Week 10 Review

This is the week I spent some time on the Lifeblog and hopefully I’ve tidied it up in some sort of week 10semblance of order and sequence.

I enjoyed this course and in particular, I enjoyed the talent, support and cooperation from my classmates. I felt lucky to be surrounded by such a nice bunch of people. I felt that our class tutor did a good job with weaving, summarising and demonstrating online presence.

I really enjoyed my classmate’s artefacts this week and commented on them via the links below.

Best of luck everyone.

My comments on classmate’s posts this week.

Charles Boyle

“A major ethical issue is that YouTube’s algorithm was not designed to help visitors find videos of what they’re looking for but, according to Chaslot (a former YouTube AI engineer), to get them addicted to YouTube”

My comment (to be appoved) link will appear here.

David Yeats

Humorous Podcast on his play with the Soundcloud account- tried to alter the soundlcloud playlist based on the title algorithm in it. Hundreds of songs with the name algorithm in it, but the recommender algrotihm was slow to react- possibly due to the fact that many recommender algorthims still depend on humans to spot the changing trend and change the algorithm.

My comment here

Iryna Althukova used her many (26) international connections to enter the same search terms to see if they would get different results in different parts of the world. I was surprised to learn that no matter where you are in the world, with the exception of China, you get the same search results which are paid for by the big players like Udemy, code academy, Coursera and Edex with few local deviations.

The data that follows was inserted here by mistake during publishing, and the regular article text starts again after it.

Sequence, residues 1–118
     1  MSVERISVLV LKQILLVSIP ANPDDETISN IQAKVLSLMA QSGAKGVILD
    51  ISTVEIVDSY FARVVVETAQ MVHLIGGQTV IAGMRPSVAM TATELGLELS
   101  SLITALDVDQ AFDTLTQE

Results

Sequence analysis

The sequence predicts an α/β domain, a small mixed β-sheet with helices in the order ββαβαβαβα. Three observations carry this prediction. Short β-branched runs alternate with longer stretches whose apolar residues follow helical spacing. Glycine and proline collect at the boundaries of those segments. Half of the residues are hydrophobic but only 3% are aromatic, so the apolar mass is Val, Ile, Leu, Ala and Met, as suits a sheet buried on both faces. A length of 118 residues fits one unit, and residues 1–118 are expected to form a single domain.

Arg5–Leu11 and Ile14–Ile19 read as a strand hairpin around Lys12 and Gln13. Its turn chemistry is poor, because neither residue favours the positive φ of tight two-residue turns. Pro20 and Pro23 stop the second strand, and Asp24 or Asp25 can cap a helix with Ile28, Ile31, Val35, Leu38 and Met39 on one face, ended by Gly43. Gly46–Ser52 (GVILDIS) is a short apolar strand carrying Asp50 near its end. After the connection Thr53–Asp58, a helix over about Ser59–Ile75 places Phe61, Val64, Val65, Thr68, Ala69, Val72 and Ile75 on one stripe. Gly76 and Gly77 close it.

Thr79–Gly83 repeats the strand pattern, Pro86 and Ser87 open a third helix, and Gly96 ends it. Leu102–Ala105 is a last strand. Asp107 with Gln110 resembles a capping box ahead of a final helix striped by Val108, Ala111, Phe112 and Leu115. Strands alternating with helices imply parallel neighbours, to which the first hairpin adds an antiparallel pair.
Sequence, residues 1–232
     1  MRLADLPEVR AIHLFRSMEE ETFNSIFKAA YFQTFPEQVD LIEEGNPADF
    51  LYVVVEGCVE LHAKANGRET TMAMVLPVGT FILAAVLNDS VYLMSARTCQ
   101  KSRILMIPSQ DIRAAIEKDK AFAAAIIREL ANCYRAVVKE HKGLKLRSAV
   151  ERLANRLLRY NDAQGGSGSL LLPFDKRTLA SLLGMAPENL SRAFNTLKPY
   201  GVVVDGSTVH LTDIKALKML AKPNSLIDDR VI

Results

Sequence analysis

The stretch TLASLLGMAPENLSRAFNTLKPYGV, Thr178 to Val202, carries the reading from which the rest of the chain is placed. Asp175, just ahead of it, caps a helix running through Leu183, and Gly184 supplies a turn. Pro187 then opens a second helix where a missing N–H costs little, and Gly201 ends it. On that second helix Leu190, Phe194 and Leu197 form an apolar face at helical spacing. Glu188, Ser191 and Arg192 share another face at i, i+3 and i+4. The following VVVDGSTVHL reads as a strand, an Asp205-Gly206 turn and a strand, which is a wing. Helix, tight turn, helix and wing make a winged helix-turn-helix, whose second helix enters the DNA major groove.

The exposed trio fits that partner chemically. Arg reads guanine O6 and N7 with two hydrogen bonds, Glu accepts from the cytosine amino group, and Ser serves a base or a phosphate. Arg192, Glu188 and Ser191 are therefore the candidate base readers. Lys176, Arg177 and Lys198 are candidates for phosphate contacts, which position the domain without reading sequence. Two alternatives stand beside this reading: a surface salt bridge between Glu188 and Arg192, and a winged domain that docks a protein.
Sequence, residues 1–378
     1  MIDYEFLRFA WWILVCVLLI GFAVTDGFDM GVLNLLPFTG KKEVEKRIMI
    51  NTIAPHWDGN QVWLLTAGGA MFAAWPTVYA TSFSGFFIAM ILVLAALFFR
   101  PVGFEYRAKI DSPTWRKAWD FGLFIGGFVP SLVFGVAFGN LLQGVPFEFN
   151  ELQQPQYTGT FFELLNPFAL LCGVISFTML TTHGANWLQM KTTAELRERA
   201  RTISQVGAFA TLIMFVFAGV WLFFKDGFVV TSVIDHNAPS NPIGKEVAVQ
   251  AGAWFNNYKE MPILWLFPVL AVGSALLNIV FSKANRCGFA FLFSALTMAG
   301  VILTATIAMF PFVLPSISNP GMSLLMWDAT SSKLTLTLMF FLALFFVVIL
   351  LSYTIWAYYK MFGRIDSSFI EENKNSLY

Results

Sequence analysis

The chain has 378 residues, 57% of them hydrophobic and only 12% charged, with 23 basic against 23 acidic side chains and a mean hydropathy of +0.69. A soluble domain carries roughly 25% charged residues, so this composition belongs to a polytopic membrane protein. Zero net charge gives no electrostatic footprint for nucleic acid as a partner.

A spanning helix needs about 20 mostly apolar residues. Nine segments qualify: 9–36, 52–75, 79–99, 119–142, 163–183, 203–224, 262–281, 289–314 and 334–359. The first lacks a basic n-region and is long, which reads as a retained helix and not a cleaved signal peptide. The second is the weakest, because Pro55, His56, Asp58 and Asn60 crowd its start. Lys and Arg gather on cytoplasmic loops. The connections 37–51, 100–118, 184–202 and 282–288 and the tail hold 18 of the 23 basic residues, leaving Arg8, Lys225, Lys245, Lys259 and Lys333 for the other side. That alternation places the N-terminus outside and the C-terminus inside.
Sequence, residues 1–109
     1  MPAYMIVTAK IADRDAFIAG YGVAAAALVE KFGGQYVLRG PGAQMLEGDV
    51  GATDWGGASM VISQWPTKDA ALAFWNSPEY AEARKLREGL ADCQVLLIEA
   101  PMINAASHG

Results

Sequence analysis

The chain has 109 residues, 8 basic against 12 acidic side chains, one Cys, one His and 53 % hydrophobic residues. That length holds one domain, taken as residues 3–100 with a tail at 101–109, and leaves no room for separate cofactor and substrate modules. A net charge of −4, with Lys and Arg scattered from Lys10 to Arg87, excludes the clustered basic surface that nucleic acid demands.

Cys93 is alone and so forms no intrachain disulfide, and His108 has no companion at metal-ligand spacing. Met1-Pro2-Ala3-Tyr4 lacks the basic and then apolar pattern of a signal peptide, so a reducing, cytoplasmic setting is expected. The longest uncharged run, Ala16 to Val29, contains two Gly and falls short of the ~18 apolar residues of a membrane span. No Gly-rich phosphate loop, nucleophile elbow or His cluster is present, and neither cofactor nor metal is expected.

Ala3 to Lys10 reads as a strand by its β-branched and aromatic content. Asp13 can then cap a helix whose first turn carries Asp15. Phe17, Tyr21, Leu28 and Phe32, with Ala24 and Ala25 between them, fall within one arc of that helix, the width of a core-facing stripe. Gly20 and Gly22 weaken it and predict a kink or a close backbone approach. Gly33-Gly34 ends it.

My comment here

JB Fallise

Used a shared you tube account to mess with the algorthim. This emphasisd the fact that In shared devices, the algorithm can never really customise the content, because too many people are influencing the algorithm with diverse choces.. In terms of educational usages, we will find a digital divide here where the less well off students who share devices will not get content catered to ‘what the algorithm thinks they need’. It might not be a bad thing!

My comment here

Michael Wolfindale

Played with Coursera and how the algorithm recommended new courses to him based on choices, and noted that many choices were nudging him towards a westernised Silicon Valley viewpoint of education- these services may end up creating a good fit between you and your media by changing … you

My comment here

Sean Flowers did several plays on several platforms including Facebook and Amazon

My comment here


Valerian Muscat– a huge volume of work completed in a short time.  He made some important commentary on the concept of nudging, and particular it’s relevance to education.

My comment here


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